Alberta Highway 986
|Length:||158 km (98 mi)|
|West end:||Hwy 35 (Mackenzie Hwy)|
|East end:||Hwy 88 (Bicentennial Hwy) near Red Earth Creek|
|County of Northern Lights, Northern Sunrise County|
Alberta Provincial Highway No. 986, commonly referred to as Highway 986, is an east-west highway in northern Alberta, Canada. It spans approximately 158 km (98 mi) from Highway 35 (Mackenzie Highway) to Highway 88 (Bicentennial Highway).
Highway 986 comprises the western segment of the partially constructed "Northern Alberta East-West Highway Corridor".
Highway 986 begins at Highway 35, approximately 21 km (13 mi) north of the Town of Grimshaw and 21 km (13 mi) south of the Hamlet of Dixonville within the County of Northern Lights. After intersecting Highway 743, the highway crosses the Peace River and enters Northern Sunrise County. A short distance later, the highway intersects Highway 688. It then continues east through the hamlets of Cadotte Lake and Little Buffalo before ending at Highway 88, approximately 10 km (6.2 mi) south of the Hamlet of Red Earth Creek.
|County of Northern Lights||0||Hwy 35 (Mackenzie Highway) – Manning, Grimshaw|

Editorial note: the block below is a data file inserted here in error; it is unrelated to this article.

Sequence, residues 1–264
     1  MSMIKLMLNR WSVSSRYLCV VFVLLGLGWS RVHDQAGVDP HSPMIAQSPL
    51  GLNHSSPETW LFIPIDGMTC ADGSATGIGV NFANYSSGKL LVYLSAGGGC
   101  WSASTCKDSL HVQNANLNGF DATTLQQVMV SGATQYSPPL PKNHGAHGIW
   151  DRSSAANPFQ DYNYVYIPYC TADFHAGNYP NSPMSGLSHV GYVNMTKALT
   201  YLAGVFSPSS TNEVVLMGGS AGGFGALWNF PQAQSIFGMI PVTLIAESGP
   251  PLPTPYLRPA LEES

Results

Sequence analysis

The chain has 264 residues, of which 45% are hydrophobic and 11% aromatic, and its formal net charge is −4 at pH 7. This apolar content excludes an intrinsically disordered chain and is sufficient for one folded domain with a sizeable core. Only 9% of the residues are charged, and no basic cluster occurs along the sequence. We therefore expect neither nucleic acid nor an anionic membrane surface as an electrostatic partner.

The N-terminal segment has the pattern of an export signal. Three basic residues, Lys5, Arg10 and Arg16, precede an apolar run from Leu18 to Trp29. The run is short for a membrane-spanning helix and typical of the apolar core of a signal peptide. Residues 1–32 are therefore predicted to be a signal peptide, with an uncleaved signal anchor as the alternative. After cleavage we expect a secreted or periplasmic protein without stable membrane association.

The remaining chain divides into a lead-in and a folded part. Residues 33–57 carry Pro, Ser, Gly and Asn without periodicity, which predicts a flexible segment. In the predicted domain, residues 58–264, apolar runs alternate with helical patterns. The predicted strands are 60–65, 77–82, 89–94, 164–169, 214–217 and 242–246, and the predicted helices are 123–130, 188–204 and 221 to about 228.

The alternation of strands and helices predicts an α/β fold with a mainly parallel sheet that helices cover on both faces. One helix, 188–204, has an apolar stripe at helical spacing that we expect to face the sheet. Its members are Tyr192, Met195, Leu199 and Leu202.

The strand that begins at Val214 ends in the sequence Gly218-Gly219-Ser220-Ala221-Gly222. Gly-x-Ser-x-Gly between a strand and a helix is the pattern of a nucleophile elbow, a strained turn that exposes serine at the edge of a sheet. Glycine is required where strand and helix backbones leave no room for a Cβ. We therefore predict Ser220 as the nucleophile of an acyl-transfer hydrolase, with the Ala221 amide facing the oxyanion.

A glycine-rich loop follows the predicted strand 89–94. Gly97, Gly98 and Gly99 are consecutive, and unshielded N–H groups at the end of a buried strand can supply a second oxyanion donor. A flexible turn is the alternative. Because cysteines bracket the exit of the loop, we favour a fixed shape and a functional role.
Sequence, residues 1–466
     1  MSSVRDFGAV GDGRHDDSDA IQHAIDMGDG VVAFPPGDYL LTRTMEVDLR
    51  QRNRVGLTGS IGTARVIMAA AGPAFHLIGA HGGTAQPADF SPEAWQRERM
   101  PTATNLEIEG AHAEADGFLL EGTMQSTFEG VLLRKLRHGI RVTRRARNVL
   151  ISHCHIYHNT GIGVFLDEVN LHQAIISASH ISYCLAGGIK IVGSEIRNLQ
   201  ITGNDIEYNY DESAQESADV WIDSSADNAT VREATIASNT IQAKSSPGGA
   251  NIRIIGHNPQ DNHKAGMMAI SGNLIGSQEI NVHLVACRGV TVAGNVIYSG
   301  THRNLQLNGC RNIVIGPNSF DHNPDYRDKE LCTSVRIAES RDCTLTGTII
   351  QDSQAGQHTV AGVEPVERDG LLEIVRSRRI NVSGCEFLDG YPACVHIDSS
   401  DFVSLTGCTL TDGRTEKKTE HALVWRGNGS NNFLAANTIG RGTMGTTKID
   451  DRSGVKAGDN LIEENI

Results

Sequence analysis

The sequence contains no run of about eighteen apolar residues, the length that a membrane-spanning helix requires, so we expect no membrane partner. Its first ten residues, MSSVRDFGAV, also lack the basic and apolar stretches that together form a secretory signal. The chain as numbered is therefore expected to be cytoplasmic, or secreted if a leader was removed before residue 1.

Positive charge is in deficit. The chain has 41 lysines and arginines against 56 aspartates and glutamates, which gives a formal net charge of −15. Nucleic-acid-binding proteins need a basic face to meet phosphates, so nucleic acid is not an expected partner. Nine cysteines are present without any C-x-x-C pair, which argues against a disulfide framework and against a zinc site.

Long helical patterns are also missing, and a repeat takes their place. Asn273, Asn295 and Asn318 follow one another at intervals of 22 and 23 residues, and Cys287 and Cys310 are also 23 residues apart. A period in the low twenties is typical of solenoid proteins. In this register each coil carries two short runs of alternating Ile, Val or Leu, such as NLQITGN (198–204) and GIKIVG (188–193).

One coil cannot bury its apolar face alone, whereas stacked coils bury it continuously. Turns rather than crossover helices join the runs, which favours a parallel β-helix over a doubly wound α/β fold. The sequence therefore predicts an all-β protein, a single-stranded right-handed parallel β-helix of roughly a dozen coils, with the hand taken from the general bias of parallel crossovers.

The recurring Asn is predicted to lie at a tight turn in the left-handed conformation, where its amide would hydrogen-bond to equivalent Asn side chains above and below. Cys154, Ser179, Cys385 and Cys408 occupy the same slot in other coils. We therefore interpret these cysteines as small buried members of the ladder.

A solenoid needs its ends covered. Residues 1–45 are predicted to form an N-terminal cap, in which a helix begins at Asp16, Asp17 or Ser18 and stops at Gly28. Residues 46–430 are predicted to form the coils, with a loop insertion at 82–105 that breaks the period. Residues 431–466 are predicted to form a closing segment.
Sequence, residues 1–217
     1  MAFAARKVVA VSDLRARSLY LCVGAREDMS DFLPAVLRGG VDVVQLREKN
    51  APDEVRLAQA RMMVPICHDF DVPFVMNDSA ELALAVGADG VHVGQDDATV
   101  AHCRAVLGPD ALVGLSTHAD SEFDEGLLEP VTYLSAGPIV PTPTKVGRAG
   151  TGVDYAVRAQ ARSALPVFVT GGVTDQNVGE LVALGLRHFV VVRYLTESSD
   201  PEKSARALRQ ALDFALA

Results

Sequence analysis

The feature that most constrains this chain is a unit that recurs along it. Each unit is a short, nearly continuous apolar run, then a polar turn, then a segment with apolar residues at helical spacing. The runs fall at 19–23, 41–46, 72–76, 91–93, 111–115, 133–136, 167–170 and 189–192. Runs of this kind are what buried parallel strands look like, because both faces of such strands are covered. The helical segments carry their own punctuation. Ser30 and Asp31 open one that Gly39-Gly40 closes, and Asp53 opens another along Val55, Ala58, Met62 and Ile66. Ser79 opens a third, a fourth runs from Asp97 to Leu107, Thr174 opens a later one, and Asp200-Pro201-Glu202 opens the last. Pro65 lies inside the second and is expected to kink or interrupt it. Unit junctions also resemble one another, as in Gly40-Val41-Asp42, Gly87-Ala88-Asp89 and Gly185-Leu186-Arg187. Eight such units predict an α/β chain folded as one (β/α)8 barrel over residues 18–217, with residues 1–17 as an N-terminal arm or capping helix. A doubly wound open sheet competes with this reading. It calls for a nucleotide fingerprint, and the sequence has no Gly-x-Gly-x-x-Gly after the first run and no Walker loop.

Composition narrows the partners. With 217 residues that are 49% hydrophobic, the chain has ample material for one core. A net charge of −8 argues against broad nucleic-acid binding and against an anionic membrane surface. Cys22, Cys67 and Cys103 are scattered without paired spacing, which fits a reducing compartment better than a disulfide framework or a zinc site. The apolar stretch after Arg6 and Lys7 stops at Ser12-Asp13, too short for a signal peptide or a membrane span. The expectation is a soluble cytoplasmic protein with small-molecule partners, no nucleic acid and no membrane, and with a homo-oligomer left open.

|20||Hwy 743 – Deadwood, Peace River|
|30||Crosses the Peace River|
|Northern Sunrise County||37||Hwy 688 south – St. Isidore|
|158||Ends at Hwy 88 (Bicentennial Highway) – Red Earth Creek, Slave Lake|
|1.000 mi = 1.609 km; 1.000 km = 0.621 mi
- "2015 Provincial Highway 1-216 Progress Chart" (PDF). Alberta Transportation. March 2015. Archived (PDF) from the original on April 10, 2016. Retrieved October 12, 2016.
- Alberta Official Road Map (Map) (2011 ed.). Alberta Tourism, Parks and Recreation. § F-3 & F-4.
- "Northern Highways Strategy – Building for Tomorrow Today ... Advancing the Alberta Economy" (PDF). Northern Alberta Development Council. October 2008. Retrieved 2011-07-17.
- Province of Alberta Canada Official Road Map (Map) (1994 ed.). Alberta Economic Development and Tourism. § F-3 & F-4.
- Province of Alberta Canada Official Road Map (Map) (1995 ed.). Alberta Economic Development and Tourism. § F-3 & F-4.